Oh, Call Me by Your Name, how the queers love you; or should I say, some of the queers (and their allies). A rather difficult prediction to make, largely because it will depend on the outcome of the ongoing (silent?) debate among gay men on how they feel about sexual relationships between teenagers and their older, and much older, lovers. Is it wrong, morally or otherwise, period? Is it wrong, but acceptable given the history of such relationships and the marginalization of the community? Is it okay, because most sex is okay? Is it okay, because teenagers are more sexually mature than people like to think? Fucking precociousness, man. Ultimately, I expect this one to receive some significant kickback, but that will probably have more to do with a lot of people getting over the love affair with Lanthimos’ work than any of the text’s material.

    Darkest Hour was a nominee most of us should have seen coming, which is strange considering that most people who care for film in even the slightest artistic sense can tell that it sucks. But, Wright has a specific tonal grip (even if that tone shifts wildly from scene to scene) that grabs certain groups of the masses. And, it’s hard to look away from bombastic performances, even if they are pretty terrible. A fate foretold even before it premiered: bottom of the barrel.

    Nolan can do no wrong, but only if you ask the right person. Dunkirk will be revered by certain demographics for very obvious reasons, but the opposite is just as true. If the film survives an inevitable mass-takedown of all of Nolan’s work, it will be because a high-brow, respected critic will come to his defense in a beautiful and revealing way, and not because the fanboys suddenly convinced a bunch of film archivists that he has merit. Dunkirk will be on the low end of his filmography for some due to the narrative and editing choices, and on the high end for others because of the thematic material itself. Middle-of-the-road, perhaps?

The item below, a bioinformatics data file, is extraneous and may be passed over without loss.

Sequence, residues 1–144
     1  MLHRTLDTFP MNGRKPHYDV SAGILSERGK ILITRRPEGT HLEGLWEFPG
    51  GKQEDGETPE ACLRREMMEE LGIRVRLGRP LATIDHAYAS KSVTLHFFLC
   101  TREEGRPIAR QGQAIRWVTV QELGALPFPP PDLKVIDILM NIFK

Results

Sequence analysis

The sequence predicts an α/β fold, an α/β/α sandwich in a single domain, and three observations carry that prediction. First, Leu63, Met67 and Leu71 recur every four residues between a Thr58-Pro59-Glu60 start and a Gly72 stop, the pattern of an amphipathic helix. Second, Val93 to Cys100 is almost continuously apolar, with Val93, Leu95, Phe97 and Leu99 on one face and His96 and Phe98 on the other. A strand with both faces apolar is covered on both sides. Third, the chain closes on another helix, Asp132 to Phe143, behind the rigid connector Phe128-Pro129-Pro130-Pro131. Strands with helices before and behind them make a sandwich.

Get Out was, from the beginning, a big success for surface reasons, for cultural reasons, for commercial reasons, etc. The critical success came from very pronounced and friendly circles though, and if one digs a bit deeper into the murky pools of cinephilia, it is not hard to find those who see Get Out as derivative, unscary, and obvious. Depending on Peele’s own movements throughout his directorial career, this film will either fall toward the bottom as a less-refined early work, or drift toward the top as genius-from-the-get-go.

    If Lady Bird stands as the pinnacle of coming-of-age cinema, I’ll eat a brick, because coming-of-age it is not. I so wish this had been marketed differently, or that the masses didn’t see teenagers as without full agency. But I digress. Gerwig’s first solo project as a director will probably not be her best work, but some may continue to see it that way because it is such a mass-appeal and personal film. Others will roll their eyes at the rather bland narrative, or the lack of depth in a lead character that seems too toned down in her interactions for the personality that she boasts. With so much barb, that is, where is the conflict? Lady Bird will probably remain as beloved as it is for some, with others continuing to turn away. Pulled in both directions, it will never be best-in-show.